Vote with your dollar. We digress. Every purchase we make supports the interworkings of a company whose operations have real impact. Not sure whether to spend the extra dollar on the brand you know is doing things right? We totally understand. Make wise choices, but consider your money an investment in the kind of food (or fashion) system you want to be a part of.

Consumer break down. No, not-post consumer recycling — we’re talking about full-on consumer break-down. Which is how we feel sometimes when trying to buy a simple bottle of soap and deciding which brand is actually the most mindful choice on the shelf. (‘Didn’t that small organic company just get purchased? Are they still legit? This bottle is recycled, but the other brand has better social responsibility claims!’) All the marketing efforts and the steep learning curve of being a responsible consumer can be down right overwhelming and can sometimes lead to complete consumer burn out. Pace yourself.

Giving back. We love it when a company gives back to their community or cause of choice. But is our passive contribution to the effort by buying more products for ourselves really making a difference? Fortunately, the answer is yes. However, giving this way can provide us with a false sense of accomplishment that shouldn’t replace our own thoughtful efforts to support the causes we care about directly.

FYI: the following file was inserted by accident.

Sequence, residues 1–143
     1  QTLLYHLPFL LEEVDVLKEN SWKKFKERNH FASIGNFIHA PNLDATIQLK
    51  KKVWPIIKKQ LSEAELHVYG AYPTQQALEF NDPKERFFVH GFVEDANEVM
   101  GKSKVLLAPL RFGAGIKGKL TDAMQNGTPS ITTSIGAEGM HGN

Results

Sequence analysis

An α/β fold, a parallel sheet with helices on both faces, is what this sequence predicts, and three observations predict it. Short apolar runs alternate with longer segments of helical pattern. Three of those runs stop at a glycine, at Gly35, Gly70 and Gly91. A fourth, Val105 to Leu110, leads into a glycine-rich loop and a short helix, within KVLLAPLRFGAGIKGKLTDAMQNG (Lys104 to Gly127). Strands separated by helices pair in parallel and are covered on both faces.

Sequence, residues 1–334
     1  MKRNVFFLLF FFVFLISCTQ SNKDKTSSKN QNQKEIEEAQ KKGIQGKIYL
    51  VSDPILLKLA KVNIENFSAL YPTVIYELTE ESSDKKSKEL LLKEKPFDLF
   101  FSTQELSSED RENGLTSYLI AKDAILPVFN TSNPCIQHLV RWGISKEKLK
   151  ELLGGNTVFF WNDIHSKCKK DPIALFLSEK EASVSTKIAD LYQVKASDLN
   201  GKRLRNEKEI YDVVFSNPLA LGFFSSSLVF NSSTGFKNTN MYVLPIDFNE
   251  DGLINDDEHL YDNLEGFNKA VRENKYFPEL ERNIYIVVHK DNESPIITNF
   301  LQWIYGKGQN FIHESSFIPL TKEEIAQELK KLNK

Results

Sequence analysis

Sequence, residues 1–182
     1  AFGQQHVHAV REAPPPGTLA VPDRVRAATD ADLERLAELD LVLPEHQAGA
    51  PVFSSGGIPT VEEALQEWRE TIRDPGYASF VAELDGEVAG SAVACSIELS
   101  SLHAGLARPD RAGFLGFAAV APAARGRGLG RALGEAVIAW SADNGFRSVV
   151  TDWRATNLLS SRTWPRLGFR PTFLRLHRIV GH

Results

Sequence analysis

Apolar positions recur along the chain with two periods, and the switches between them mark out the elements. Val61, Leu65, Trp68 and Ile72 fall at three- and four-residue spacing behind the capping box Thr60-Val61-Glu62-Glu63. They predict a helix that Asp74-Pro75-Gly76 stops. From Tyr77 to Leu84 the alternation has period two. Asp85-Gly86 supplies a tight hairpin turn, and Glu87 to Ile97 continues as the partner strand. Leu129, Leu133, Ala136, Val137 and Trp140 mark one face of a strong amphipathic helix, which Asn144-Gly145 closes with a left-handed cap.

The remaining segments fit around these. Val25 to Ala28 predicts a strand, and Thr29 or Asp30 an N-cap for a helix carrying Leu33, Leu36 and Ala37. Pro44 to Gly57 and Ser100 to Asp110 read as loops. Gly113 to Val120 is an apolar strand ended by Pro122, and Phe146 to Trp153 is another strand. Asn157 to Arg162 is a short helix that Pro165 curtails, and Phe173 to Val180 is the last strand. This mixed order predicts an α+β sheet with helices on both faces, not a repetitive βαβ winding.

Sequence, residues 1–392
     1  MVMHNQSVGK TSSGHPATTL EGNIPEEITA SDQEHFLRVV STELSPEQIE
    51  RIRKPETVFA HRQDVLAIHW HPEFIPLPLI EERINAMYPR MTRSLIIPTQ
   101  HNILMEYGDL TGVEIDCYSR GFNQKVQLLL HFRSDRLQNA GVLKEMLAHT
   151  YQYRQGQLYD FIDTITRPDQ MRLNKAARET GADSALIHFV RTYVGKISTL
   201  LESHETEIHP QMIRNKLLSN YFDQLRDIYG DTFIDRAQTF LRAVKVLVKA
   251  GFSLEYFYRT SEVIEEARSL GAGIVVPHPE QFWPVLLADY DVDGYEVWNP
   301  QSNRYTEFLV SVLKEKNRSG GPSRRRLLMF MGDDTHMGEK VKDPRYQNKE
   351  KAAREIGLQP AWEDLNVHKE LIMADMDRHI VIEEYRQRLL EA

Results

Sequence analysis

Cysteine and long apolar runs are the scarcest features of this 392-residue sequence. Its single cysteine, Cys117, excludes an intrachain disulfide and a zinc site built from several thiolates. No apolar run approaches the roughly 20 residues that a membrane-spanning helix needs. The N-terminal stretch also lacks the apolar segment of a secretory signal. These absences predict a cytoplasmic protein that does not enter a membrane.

Transparency Part of the surge in corporate social responsibility has to do with transparency. In the digital age, it’s simply not as easy for companies to hide or ignore poor practices from the prying eyes of hyper-aware consumers. But, remember that transparency goes both ways. As consumers, we may detest the effects of fossil fuels or plastics on the environment, but 95% of us rely heavily on them. As we wean ourselves off the substances in question, we’ve got to have patience – most importantly, with ourselves.

Do you consider yourself an aspirational shopper? What do you think about how central these themes have begun to feel in our cultural conversations? What are your most important shopping habits and where do you see all of this going? 



Leave A Comment

  1. I think the thing that is so frustrating to me is the growth of online shopping. Amazon has created a monster with the fast shipping, with more delivery services operating at breakneck speed to keep. I think the convenience of having it immediately along with everything being available at a click of the mouse is creating excessive purchases and waste. I try to shop locally and avoid Amazon. I think ultimately they will be the only choice if we continue to purchase regularly online.

    therese | 07.23.2018 | Reply
  2. I’m beginning this journey myself! I’d love to hear recommended brands that hit all the marks without being overly priced.

  3. Amazon is the Monster, look at how they treat their workers, all so that one man, Jeff Bezos, can become the richest man in the world… And for doing what? He is a glorified deliveryman. Yes, call me an aspirational shopper if that means I care about workers in the USA and in the Third World, and about the environment. May aspirational shopping overcome a culture of following the Kardashians

    Gina Benevento | 07.24.2018 | Reply